top of page
  • Writer's pictureHikers Tom and Sorrel

Tussac Planting on Middle Island

An Induction Into Falklands Habitat Restoration


With two weeks of quarantine completed we were both itching to get outside and do something. Luckily, in the Falklands there is always something to do and somewhere exciting to go.

Sorrel’s dad happened to be organising a tussac planting trip to a small island on East Falkland with two local conservation groups as part of his fishing company’s aims to offset the operational carbon footprint of their vessels. The project needed volunteers and we were both thrilled to join in.

Tussac planting volunteer group, day 1, featuring hikers Tom and Sorrel


This unique grass – local to the sub-Antarctic region – has long been a focus for conservation efforts as a sheltered home for a wide range of animals including sea lions and magellanic penguins, as well as the indigenous tussac birds and cobb’s wrens. There were several night herons (fairly shy birds), multitudes of rock cormorants, and even a short-eared owl.

Meanwhile, the grass is an expert at retaining moisture, necessary for the traditionally dry Falklands soil, and is instrumental in restoring and preserving peatlands. Peat – a large source of Falkland Islanders’ energy until about 40 years ago – is packed with carbon, making it one of the biggest sources of carbon sequestration in the world, and instrumental in helping remove carbon from the atmosphere. Planet Earth loves tussac too.

Sadly, however, only 1 percent of the Falklands’ 778 islands are considered to be intact tussac habitats. A dramatic 81% reduction has taken place over the years, with habitats having been taken over by invasive species, such as rodents, or over-grazed by farm animals. Consequently, recent ecological restoration efforts have been centred around tussac planting projects in a number of locations across the Falklands, to lay the foundations for the regeneration of prosperous ecosystems.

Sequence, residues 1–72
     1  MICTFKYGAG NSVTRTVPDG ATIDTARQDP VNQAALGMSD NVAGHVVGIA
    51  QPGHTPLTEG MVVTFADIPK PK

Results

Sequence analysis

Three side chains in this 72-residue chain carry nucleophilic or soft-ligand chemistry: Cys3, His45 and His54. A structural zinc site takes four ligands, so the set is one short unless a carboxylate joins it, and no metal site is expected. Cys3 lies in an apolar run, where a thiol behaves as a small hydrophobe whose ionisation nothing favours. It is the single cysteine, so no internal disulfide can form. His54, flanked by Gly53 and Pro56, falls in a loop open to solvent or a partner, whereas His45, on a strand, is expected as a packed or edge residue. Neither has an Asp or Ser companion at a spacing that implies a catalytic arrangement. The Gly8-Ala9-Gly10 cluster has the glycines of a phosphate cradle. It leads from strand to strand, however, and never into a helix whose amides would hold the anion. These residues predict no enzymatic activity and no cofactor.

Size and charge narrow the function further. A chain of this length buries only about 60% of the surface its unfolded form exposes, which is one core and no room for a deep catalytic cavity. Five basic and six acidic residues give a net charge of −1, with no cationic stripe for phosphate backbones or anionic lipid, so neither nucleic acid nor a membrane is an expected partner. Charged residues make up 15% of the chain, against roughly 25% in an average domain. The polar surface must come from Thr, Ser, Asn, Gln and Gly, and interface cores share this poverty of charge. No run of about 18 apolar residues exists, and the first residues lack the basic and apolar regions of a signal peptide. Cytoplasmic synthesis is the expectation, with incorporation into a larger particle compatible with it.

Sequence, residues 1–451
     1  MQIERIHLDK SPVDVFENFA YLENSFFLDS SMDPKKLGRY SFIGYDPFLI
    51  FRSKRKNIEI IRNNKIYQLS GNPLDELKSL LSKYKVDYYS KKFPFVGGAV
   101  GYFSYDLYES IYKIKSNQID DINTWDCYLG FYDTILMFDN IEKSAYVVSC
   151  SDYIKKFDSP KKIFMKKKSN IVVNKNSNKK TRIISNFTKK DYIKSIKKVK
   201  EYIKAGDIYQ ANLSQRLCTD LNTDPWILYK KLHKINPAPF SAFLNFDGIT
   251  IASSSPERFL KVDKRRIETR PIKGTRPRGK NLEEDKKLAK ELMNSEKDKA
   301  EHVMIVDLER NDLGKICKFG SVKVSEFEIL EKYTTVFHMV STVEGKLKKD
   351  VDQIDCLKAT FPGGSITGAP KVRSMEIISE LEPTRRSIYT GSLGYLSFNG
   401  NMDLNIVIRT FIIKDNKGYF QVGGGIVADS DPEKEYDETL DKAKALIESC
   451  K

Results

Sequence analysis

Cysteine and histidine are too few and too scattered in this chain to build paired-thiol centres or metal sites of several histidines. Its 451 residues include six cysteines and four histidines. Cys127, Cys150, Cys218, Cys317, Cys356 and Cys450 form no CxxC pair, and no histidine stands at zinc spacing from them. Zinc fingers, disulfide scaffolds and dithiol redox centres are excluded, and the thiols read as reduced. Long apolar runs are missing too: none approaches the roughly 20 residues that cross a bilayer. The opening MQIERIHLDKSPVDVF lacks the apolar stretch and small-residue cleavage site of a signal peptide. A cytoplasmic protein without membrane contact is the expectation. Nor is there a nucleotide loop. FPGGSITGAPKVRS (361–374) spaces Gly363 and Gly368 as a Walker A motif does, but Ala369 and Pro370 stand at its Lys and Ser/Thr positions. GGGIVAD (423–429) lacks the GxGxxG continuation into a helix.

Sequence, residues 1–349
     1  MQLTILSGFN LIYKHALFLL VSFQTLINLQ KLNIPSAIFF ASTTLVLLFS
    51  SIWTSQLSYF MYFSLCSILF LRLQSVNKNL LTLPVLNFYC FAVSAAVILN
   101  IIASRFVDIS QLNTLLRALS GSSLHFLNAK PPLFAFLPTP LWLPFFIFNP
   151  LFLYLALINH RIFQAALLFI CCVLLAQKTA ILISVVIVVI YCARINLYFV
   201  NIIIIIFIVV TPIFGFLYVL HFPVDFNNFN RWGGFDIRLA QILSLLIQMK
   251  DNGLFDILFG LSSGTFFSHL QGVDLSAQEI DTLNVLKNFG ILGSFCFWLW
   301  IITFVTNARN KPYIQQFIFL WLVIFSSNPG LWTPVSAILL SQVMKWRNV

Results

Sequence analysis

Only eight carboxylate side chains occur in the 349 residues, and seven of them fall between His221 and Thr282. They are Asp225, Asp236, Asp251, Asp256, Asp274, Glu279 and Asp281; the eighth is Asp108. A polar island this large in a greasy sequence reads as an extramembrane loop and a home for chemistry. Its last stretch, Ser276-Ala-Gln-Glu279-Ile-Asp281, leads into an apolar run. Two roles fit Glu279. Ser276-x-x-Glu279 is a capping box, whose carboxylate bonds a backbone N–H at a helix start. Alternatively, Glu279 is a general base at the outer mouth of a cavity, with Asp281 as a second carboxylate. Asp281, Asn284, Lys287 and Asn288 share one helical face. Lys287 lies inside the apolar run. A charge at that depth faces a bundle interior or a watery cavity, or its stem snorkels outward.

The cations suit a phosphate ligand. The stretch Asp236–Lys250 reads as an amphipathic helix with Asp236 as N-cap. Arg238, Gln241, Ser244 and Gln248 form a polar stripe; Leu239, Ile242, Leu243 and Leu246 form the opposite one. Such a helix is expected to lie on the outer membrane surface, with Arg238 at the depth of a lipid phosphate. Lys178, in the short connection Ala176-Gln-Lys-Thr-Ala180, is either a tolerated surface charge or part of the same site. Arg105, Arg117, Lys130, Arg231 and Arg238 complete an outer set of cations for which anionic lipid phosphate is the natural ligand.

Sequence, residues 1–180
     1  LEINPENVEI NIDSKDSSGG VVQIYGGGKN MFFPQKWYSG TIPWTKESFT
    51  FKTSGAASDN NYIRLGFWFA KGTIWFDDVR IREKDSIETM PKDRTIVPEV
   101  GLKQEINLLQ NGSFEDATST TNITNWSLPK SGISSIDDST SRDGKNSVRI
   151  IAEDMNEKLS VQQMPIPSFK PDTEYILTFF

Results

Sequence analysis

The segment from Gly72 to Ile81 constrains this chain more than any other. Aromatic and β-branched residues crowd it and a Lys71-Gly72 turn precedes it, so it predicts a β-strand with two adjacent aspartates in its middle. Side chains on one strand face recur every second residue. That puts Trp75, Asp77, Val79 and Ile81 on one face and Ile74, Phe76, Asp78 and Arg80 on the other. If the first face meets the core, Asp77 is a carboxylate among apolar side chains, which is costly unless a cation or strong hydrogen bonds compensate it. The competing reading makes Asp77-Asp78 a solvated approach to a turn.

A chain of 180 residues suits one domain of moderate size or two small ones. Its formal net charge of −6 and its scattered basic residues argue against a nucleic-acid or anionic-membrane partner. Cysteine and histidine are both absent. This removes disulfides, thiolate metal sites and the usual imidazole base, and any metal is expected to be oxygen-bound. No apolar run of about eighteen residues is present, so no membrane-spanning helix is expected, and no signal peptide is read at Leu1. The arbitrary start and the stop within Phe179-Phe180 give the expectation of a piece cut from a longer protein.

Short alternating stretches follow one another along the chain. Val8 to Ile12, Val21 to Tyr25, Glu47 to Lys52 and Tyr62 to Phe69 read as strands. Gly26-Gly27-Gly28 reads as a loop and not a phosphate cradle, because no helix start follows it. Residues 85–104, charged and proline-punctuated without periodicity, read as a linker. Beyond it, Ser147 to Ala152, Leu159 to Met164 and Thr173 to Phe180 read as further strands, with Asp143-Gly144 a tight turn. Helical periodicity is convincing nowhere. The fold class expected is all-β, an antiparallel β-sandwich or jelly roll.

Middle Island was chosen as one such location for planting, having suffered years of soil erosion after a fire in the 1960’s which decimated the tussac population and prevented a quick recovery. It had previously seen some tussac planting by the BFSAI team in 2019, but this time around the aim was to cover a far greater area.

After making the hour-long journey to Mare Harbour we were shipped to Green Island (a 20-minute boat journey), where we spent two hours each day pulling tussac tillers out of the healthy bogs that were abound. Some of the larger plants (which grow well above head height and create a setting that is akin to the tall grasses in Jurassic Park) are over two-hundred years old; their roots grow deep and make for a difficult morning of work.

Green Island - Densely packed with tussac bogs.


We were then moved to Middle Island, where the less arduous yet more rewarding task of re-planting would commence after a short stop for lunch.

The results were impressive: after four days of work we had planted 5.4 hectares, amounting to 12,605 new bluegrass and tussac plants.

A portion of newly planted tussac tillers - with a bit of luck this land will develop into a cosy home for wildlife


As avid travellers and trekkers, we both naturally are enthusiastic about and strong advocates of environmental efforts, whether it be wildlife conservation, habitat restoration, combatting carbon emissions, or waste clean-up projects. For Sorrel, this was a chance to take part in something she’d done a lot of as a kid. But for Tom, this was an induction into Falklands lifestyle and wildlife, as well as an opportunity to put his conservational concerns into practice and impart a genuine positive difference on the environment.

It was incredibly rewarding to stand up at the end of a long day - back aching, muscles sore, skin burnt - and see a vast stretch of previously barren land harbouring thousands of young new plants. It was also wonderful to have several days out in the middle of nowhere enjoying the wonderful landscapes and wildlife that the Falklands has to offer, after having spent months cooped up in central London.

 

📚Learn more about: Conservation in the Falkland Islands 📚

Comments


bottom of page